|A free public restroom is seen on Ham Nghi Street, District 1, Ho Chi Minh City. Photo: Tuoi Tre
Tien Phong Environmental Technology JSC has submitted its project to build public toilets that meet ASEAN standards in Ho Chi Minh City to relevant agencies.
The company is running four such ‘model’ facilities in District 1, and has been recently told by the municipal Department of Natural Resources and Department of Planning and Investment to refine and complete its proposal for further implementation.
Tien Phong Environmental Technology has installed four ‘smart restrooms’ near the bus station on Ham Nghi Street in District 1, according to company director Nguyen Xuan Sang.
The facilities were built in line with the ASEAN Public Toilet Standard (APTS), which was published in 2012 in response to the negative reaction most Western tourists expressed after using toilets in Southeast Asian countries.
APTS was established as a guide for member states to ensure “quality, comfort, safety, and proper waste management of public toilets” at tourist destinations within the region in regard to each country’s culture.
To guarantee the comfort of the customers, the toilet cabins have many built-in features including reflective walls made of stainless steel, automated functions such as spraying, washing, and flushing, hand-washing sink, and automated hand-driers, among others.
Additionally, installed screens in the toilet allow the users to see outside of the cabin they are in so that they can keep an eye on their motorbikes against thieves, as well as knowing if other people are waiting for their turn outside.
More importantly, the cabins were built to avoid any unfortunate incidents, especially those related to health.
Motion sensors installed on the ceiling can detect if someone is experiencing a seizure, and an emergency button located 30 centimeters from the floor to call for help are two features crucial to guarantee the safety of users.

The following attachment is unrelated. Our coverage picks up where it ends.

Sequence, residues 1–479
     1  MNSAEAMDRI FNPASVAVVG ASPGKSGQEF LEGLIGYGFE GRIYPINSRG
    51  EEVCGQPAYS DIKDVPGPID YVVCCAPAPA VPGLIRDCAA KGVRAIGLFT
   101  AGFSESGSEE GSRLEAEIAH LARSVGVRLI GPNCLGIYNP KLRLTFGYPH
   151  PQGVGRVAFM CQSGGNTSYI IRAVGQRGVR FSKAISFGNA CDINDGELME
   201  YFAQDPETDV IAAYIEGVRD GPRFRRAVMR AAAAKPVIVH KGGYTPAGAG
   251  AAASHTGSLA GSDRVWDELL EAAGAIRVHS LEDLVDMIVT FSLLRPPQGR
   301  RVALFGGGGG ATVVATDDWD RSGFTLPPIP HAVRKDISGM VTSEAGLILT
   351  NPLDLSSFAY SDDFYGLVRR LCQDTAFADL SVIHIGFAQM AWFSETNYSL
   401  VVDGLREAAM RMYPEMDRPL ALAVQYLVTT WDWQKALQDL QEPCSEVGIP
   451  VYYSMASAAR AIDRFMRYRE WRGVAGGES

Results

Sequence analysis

“It costs VND380 million (US$16,500) to install such a standardized and smart toilet cabin,” Sang said.
‘3in1’ bus stops
Tien Phong Environmental Technology also suggested in its proposal to the Ho Chi Minh City administration that the standardized public restrooms should be attached to local bus stations to make the public transportation more attractive to passengers.
Sang sells the idea of building ‘3 in 1’ bus stations, those with a smart restroom and multifunction kiosk, across the city to increase the facilities’ convenience, and encourage the use of buses in lieu of personal vehicles in the crowded metropolis of ten million.
The project proposes high-tech waiting spots at bus stops with handy functions including automatic doors, air conditioner, and touch screens to look up the bus route information.
The multi-purpose stands are planned to manage, operate, and guarantee both safety and cleanliness of the kiosk, including the toilets, mostly using technology.
Tourist information, bus tickets, and other instructions will be available on the kiosks’ screens, which will be connected to municipal departments and agencies to provide precise information, especially those regarding the city’s planning and paperwork procedures.
The ‘3 in 1’ bus stops should also feature ATMs or booths that sell top-up mobile phone cards or accept utility payments to generate revenue to cover maintenance and operation costs, as well as employee’s wages.
In its proposal, Tien Phong Environmental Technology suggested building these ‘3 in 1’ bus stops at nine locations in Districts 1, 3, and 9, and Tan Binh and Tan Phu Districts, as well as at eight rest areas of long-haul bus routes.
These proposed locations will be examined if they meet standards in terms of water supply or waste management.
The departments involved in building the toilets are required to work with Tien Phong Co to finalize the project before being granted official approval from the Ho Chi Minh City administration.